What, in the end, distinguishes the functional programmer from the OO developer? Much effort is spent on arguing how FP is more efficient. More significant, however, is that functional programmers produce different models from their OO and relational counterparts, which enable more powerful software architecture. The talk traces this observation through 13 years of functional programming applied in industrial projects, in a variety of languages. I'll touch on projects in stage lighting (""stage lighting has algebraic structure""), financial derivatives (""market data is compositional""), semiconductor manufacturing (""hope is a monad"", ""scheduling is an arrow""), social pedagogy (""the GUI is a function""), and others, as time permits.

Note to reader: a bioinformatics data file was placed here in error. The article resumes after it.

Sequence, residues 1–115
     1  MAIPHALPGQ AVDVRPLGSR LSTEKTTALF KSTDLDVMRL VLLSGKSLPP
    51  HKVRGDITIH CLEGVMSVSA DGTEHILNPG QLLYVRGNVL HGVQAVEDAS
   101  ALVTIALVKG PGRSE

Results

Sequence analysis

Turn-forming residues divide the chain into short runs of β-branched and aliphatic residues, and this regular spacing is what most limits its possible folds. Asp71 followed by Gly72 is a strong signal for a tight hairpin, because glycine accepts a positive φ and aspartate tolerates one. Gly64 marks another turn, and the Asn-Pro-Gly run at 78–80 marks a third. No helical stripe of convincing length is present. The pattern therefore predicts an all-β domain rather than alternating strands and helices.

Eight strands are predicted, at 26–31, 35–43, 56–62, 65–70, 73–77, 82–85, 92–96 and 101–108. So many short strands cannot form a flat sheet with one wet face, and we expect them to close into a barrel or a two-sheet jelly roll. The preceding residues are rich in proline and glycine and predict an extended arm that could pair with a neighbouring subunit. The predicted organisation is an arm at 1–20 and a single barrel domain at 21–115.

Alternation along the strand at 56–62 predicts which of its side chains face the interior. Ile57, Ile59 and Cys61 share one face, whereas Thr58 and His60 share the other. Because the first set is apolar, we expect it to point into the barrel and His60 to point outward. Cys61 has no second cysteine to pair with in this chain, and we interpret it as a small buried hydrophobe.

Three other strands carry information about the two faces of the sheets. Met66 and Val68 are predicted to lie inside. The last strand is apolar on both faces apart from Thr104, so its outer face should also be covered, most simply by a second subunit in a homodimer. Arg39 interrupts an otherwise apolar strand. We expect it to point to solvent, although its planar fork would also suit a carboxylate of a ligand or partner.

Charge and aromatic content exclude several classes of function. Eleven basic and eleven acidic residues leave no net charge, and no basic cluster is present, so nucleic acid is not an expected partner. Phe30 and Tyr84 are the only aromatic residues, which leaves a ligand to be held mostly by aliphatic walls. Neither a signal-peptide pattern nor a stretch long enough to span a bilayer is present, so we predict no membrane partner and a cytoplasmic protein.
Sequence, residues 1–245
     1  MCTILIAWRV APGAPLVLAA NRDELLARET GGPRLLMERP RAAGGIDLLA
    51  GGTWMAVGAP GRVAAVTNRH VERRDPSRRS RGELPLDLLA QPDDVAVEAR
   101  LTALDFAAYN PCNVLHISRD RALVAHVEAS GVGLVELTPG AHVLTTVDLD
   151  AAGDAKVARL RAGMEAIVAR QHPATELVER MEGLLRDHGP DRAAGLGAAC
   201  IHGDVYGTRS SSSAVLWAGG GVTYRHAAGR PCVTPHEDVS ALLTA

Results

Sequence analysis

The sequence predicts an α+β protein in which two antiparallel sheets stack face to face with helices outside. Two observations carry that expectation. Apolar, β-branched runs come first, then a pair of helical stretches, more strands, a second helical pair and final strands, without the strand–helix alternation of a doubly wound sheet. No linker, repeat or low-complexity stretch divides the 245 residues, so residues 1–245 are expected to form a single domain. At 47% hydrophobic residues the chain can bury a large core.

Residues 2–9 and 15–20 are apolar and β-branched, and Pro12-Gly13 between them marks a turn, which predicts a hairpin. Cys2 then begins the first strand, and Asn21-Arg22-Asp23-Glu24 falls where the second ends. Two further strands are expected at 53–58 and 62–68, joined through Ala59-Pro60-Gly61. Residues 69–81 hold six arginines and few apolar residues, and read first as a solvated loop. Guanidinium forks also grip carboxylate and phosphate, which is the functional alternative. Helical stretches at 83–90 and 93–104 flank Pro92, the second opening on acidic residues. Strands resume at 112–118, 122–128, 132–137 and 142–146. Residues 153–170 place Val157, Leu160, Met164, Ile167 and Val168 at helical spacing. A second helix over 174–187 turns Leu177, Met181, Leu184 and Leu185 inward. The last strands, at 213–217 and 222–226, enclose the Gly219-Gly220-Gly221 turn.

While a number of lessons from these experiences may seem obvious, they were hard-won:
- purely functional is better
- look for compositionality
- monads can be found in unexpected places
(Not among them: Static types are better.)